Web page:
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Employment

Doing What Is Right Versus Doing What Is Easy: Whistleblowing in Social Work

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Any Social Worker who has had the misfortune to ever need to consider whistleblowing at work will know that the battle of doing what is right versus doing what is easy is unimaginably more difficult than it first appears.

Social Workers choose this complex and often emotionally challenging profession because they are driven by a core desire to do good, to help, to do what is right. Our values and our ethics underpin everything we do both in our professional and private lives.

What happens then, when something at work feels intrinsically wrong to you and yet everyone else is acting as if it is right? Do you go along with everyone else? Do you quieten the little voice inside your head that has encouraged you to do so much good before?

do-what-is-rightHopefully, highlighting your concern to those involved will solve the problem. If not, escalation to Management should lead to resolution. However, for some individuals in some offices, the issue is no longer solely a misuse of power or acts of injustice, but rather the institutional acceptance of malpractice as normal.

In the United Kingdom, we have seen the tragic reality of widespread acceptance time and time again in notable cases such as Winterbourne View and at Haringey Council. In environments such as this, Social Worker’s can find themselves in a very lonely position if they decide to speak up.

If and when you decide to ask the questions that you believe need answering, you quickly discover the sad fact that, for many people, integrity and justice are of secondary importance to paying the mortgage. Manager’s can betray you. Colleagues can turn against you for “rocking the boat” or they may disagree with your desire to change things.  And whilst you will feel a sense of incredible guilt that colleagues may become collateral damage due to the issues you have highlighted, it is always worth remembering that complacency and unintentional negligence is still negligence. Where possible, ensure that you give colleagues the opportunity to speak up with you, and if they choose not to, then they alone are responsible for the consequences of their decision.

Whistleblowing also has a heavy impact on the Social Worker’s health and wellbeing. A whistleblower has to continue managing, what are often dangerously high caseloads, whilst simultaneously recording evidence of malpractice, ensuring she does not make mistakes for fear of disproportionate reprisals and doing all this with little to no support. This combination is a crucible which makes work mistakes more probable and infinitely raises stress levels. Often those who would offer the most support, your friends and family, will want you to quit rather than stay and fight. They are unable to fathom the drive within you which means you willingly put yourself under so much strain and potentially sabotage your career.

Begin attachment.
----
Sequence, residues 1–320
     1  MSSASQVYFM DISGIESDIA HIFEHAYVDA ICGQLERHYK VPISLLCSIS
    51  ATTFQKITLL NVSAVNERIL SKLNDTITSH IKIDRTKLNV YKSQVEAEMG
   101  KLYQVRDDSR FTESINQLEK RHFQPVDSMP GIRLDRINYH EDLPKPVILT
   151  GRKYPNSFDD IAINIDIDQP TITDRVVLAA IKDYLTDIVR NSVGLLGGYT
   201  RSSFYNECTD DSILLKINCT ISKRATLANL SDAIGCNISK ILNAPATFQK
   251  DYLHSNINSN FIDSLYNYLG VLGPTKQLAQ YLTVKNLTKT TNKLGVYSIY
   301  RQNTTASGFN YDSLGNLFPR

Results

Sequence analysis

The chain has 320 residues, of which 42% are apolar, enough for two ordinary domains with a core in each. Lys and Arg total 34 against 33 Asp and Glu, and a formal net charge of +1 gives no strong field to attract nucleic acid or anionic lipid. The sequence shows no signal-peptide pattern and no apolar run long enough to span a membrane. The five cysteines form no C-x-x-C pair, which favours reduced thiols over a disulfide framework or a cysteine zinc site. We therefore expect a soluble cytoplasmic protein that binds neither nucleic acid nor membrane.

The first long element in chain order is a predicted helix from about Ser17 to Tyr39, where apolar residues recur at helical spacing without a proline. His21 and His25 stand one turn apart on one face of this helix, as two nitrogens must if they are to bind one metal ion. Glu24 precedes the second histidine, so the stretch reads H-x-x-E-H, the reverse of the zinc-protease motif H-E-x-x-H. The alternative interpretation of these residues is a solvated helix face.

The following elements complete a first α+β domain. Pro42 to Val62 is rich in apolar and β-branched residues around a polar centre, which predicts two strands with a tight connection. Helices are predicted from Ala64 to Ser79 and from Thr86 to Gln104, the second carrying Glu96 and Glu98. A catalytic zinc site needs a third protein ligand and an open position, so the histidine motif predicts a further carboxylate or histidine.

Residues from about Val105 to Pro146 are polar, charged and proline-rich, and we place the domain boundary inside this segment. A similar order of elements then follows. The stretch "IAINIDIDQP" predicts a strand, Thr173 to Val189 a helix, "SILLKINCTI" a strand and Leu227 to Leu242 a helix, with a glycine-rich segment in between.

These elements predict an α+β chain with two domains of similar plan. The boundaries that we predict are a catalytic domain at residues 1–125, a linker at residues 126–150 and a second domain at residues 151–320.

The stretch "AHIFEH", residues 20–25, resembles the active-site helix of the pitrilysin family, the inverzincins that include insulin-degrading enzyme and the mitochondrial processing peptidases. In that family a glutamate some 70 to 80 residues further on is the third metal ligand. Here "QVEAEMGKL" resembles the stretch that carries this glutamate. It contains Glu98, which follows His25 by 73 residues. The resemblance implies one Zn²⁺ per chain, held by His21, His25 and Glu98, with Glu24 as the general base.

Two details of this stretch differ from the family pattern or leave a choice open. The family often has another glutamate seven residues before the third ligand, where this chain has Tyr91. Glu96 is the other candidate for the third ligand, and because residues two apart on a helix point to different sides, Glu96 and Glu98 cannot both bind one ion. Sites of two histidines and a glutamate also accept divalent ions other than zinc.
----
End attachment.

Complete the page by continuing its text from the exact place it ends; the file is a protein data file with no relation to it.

Supervision is a crucial element of safe Social Work practice. In toxic Social Work environments, you can begin to feel yourself going mad. You are sure that things are wrong but everyone is acting like there is no problem. No one acknowledges the issue and so you begin to wonder if there is an issue at all. Some of the best advice I have been given by a Supervisor was: “Don’t think you are mad simply because you are the only sane one in a mad world.”

Of course, always remember that your take on the situation may indeed be inaccurate or skewed. But there are no right and wrong answers when it comes to ethics and morality; so whilst you may be wrong, it is just as likely that you may be right. You should never be punished for asking that people be held accountable for their actions, in the same way that you must always be accountable for yours.

As Social Workers, we are taught to engage in ethical decision-making and to promote justice. This cannot be mere rhetoric. Standing up for justice will sometimes demand from us every last ounce of strength we have. It takes real courage. If you decide to challenge the powers that be, however alone you feel, know that you are not the first person to have been through this and you will not be the last. Seek support. And remember that the smallest of battles can have the biggest of impacts.

Imagine if Rosa Parks had moved to the back of the bus.
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Rebecca Joy Novell is a Qualified Social Worker working with gangs in central London. She graduated from The University of Sheffield in 2012 with a Masters in Social Work. Rebecca has been involved with Youth Justice since 2008 in a variety of voluntary and paid roles and is currently undertaking a Professional Doctorate in Criminal Justice. She was elected to the Professional Assembly for The College of Social Work, is part of the Criminal Justice Reference Group for the British Association of Social Workers and regularly blogs for The Guardian’s Social Care Network. She is also the author of Starting Social Work: Reflections of a Newly Qualified Social Worker. Her blog can be found at www.charitynovelll.wordpress.com.

          
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